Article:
Once again, the various national media outlets have taken a perfectly useful technical term and turned it into something a la “Sharknado.” Without the funny bits and parody material (OK, so I liked it when the shark ghost came out of the bucket of water at the charity car wash. I’m strange, yes.)
Bombogenesis was a technical term developed after 1945 to describe a rapidly strengthening low-pressure system. The technical term was explosive cyclogenesis. Low pressure systems in North America are all, technically, cyclones and demonstrate cyclonic rotation. Tornadoes are cyclones, but most cyclones are not tornadoes. Clear as mud? OK, moving on. Continue reading
If you drive to Albuquerque, or fly in and look from the airport to the west, you will see a trip of low lumps on the horizon, and more low lumps to the south and west. Compared to the enormous wall of Sandia Peak and the Manzano Mountains to the east, they are pretty blah, and your eye may well travel past them to the distant masses of Mt. Taylor farther west, or the Jemez Plateau/caldera to the north.
Even I can hike these mountains.
To me, the Albuquerque Volcanoes and Cat Hills to the south are some of my favorite fire mountains. They are the city’s “domestic” volcanoes, and you can climb one of the three, for certain “scramble over lump of rock at your own risk” values of climb. They certainly are not spectacular like Mt. Taylor, or Mt. Ranier, or the Jemez. You go into Valle Grande, the central caldera northwest of Santa Fe, look around, think about the hundreds of feet of welded tuff that you passed on the way in, and gulp in awe. Especially when you realize that it’s not exactly extinct. The Albuquerque Volcanoes are rather more extinct. They are “fun size,” so to speak. Continue reading
So, what do you do when a group of naturalists, hydrologists, and other river-management people agree that a river needs more floods? Aside from blink, rub your eyes, and go back to read the lede again just to make sure. That actually began to happen starting around thirty* years ago, as we [hydrology and biology types] learned more about the mechanics of how rivers work, and what happens when you turn rivers into a long series of pools. If you want the river to act like a river, sometimes you have to open the taps again. Sort of. Ish. Continue reading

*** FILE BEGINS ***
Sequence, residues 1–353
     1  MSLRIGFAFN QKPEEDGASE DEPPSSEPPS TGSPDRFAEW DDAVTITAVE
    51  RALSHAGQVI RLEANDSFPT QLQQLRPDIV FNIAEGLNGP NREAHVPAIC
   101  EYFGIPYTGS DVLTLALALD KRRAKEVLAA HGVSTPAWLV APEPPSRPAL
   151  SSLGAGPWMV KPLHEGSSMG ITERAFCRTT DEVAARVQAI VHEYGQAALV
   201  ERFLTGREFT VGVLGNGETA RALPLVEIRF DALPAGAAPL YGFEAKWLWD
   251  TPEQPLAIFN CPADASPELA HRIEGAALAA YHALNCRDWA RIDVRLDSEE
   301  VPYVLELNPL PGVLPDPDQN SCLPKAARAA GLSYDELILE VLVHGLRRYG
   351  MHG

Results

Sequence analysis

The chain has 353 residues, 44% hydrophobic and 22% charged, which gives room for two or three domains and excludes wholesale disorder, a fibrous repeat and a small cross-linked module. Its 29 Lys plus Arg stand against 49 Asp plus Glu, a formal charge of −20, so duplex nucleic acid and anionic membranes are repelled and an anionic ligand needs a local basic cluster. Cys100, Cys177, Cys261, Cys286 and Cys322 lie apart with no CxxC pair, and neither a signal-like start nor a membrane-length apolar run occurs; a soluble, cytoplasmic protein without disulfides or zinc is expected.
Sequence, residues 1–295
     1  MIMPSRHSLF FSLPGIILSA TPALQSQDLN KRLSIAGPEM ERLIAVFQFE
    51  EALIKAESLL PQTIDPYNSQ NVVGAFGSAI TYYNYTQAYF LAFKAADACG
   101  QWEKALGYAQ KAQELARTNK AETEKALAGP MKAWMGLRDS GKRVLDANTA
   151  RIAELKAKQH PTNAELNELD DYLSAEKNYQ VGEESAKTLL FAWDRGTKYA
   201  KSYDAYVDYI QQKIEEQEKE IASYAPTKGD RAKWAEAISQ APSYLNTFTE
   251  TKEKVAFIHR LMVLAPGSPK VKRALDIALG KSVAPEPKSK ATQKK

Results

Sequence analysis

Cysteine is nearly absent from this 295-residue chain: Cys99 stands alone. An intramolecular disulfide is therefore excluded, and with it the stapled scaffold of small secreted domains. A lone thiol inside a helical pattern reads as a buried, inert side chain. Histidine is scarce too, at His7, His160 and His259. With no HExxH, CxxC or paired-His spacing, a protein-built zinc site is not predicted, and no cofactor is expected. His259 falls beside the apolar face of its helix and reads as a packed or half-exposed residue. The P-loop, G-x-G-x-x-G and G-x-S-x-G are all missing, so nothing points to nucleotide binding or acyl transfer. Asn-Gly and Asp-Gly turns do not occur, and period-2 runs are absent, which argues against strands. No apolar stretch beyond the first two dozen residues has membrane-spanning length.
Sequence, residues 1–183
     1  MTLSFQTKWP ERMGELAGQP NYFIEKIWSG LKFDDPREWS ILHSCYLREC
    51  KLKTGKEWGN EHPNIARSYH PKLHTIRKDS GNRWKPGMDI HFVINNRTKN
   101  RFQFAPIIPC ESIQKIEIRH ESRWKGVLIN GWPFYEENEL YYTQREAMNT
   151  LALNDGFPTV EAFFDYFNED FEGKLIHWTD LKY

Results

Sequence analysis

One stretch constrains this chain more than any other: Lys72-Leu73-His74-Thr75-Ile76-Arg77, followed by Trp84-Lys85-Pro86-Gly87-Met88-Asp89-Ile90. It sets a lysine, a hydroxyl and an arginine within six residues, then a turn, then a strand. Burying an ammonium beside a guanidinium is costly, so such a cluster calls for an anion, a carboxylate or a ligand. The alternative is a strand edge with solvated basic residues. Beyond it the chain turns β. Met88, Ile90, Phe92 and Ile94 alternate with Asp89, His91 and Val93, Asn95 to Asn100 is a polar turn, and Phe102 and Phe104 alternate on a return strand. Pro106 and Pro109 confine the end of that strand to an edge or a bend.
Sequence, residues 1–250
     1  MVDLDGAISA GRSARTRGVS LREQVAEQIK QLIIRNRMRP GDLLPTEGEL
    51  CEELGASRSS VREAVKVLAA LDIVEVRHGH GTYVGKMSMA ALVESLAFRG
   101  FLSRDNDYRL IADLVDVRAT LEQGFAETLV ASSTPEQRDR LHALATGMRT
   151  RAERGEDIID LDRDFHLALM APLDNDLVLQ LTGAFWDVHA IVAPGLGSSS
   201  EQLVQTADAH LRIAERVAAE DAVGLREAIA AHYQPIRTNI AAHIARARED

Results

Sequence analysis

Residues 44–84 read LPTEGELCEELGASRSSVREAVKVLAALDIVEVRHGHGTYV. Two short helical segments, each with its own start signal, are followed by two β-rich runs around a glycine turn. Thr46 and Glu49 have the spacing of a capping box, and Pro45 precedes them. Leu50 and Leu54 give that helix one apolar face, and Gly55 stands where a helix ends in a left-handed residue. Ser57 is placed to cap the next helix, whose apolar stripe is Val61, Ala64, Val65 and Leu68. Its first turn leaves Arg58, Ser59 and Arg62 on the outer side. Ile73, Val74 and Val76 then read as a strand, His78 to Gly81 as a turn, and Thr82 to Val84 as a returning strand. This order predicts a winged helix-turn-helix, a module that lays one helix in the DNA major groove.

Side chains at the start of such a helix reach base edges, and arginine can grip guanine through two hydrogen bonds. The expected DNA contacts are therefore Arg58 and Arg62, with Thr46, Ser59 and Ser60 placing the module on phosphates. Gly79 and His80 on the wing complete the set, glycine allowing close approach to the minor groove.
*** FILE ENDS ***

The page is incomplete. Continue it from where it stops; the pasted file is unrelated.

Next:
Monarchs of all they survey.
I live on the edge of the monarch migration path. We don’t see the huge clouds of butterflies moving through. However, every autumn, it seems that monarchs, queens, painted-ladies, and others suddenly erupt out of the ground, trying to rip the Buddleia out of by their roots. The big plants in the front garden get most of the attention, but the ones in the back yard do not go unvisited. In case you were wondering, the Buddleia is five feet tall. The one in the back yard is six feet tall. Continue reading
The folks in the van had been on the road far too long, driving to Baton Rouge for a meeting. The midnight hour was a lot closer than I cared to contemplate, and even with four drivers, it had been a really, really long day. Really long. So it was with great relief that the sign for Baton Rouge appeared beside the road.
We emerged from the trees and buildings and beheld one of the oil refineries. It was beautiful.
Dirt matters. A lot.
In comments about my post about the Harris County problem, Luke pointed out that I’d not really looked at the soil profile under Houston and its neighbors and upstream watershed. That’s in part because I wanted to compress a lot of data into a small post, and because I’m just not familiar with all the details of the soils in that part of the state. Sand or clay, loam, caleche, all respond differently based on the physics and chemistry of the soil and its component parts. I’m not a soils expert, and I’m not a construction engineer. So this is a sort of Dirt and Water 101: The quick and dirty version. Continue reading